600 Crack-Free Bridges Using Shrinkage Compensating Concrete


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Title: 600 Crack-Free Bridges Using Shrinkage Compensating Concrete

Author(s): Ed McLean, Chris Ramseyer, and Seth Roswurm

Publication: Special Publication

Volume: 307


Appears on pages(s): 1-14

Keywords: Bridges, cracking control, decks, drying shrinkage, shrinkage compensating concrete

Date: 3/1/2016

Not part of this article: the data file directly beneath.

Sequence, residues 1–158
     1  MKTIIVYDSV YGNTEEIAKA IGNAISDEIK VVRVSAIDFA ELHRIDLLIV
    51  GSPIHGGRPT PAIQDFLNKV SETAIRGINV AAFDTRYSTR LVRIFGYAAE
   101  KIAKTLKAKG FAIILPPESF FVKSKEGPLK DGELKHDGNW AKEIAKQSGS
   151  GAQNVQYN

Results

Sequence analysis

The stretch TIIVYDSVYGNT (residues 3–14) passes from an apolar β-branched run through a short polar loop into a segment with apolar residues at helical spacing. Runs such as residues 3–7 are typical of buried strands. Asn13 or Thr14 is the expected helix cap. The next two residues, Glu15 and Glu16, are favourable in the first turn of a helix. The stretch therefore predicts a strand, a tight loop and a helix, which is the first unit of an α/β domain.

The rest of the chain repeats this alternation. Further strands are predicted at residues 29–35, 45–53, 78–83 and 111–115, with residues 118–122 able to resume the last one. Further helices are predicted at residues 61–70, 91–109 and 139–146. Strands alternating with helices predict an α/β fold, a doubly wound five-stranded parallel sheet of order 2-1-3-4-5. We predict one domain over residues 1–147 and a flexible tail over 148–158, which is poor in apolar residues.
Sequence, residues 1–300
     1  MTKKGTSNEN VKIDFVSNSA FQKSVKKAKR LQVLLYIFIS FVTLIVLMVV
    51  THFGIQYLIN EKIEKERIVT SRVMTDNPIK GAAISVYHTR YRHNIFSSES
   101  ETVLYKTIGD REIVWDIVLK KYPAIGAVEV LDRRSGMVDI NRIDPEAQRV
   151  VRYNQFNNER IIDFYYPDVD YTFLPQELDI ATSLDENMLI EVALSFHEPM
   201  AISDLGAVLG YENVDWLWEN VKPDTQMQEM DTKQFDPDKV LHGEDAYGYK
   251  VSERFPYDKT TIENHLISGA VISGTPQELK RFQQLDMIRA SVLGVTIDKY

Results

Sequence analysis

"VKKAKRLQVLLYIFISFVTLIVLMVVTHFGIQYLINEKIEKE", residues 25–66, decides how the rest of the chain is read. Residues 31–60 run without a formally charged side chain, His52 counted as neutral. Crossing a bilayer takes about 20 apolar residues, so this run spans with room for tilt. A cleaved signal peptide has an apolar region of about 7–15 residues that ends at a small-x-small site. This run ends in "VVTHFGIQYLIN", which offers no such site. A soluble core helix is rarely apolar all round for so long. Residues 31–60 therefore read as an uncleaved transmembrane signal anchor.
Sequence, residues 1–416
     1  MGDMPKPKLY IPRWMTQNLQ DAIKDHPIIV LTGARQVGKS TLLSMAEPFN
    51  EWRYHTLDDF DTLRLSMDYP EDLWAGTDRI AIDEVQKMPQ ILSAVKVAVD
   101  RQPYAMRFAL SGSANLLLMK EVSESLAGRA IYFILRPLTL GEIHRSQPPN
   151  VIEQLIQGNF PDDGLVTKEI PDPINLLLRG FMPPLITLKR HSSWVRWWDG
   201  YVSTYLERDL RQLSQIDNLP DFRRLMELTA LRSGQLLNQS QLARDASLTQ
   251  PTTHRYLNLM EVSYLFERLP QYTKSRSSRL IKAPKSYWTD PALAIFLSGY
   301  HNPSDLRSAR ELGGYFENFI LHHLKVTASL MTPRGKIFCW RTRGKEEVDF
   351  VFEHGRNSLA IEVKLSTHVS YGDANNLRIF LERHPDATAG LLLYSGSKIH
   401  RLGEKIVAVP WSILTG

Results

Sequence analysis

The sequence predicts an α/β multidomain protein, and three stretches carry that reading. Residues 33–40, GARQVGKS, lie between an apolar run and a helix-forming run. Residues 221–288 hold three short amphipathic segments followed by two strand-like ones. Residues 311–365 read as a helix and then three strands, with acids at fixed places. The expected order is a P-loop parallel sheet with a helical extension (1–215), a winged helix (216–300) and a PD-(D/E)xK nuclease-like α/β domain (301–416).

In the modern transportation industry, nearly all bridge decks are constructed of concrete. Of the concrete bridge decks currently in service across the US, almost all contain large numbers of cracks. These cracks are the bane of deck longevity. They allow the ingress of salts that cause corrosion of the reinforcing steel, exacerbating concrete cracking and loss of structural capacity. A survey conducted several years ago by Folliard et al. (2004) for the FHWA found that more than 100,000 bridges suffered from early-age cracking. This paper presents a case study of bridge decks in Ohio and Michigan that are essentially crack-free. Some of these bridge decks are located on high volume highways/interstates and are up to 30 years of age. In addition, several of these bridges have adjacent standard Portland cement concrete sister bridges built at the same time, with identical spans and construction details handling traffic flowing in the opposite direction. Comparison of these bridges offers unique insight into a simple, effective solution for mitigation of bridge deck cracking.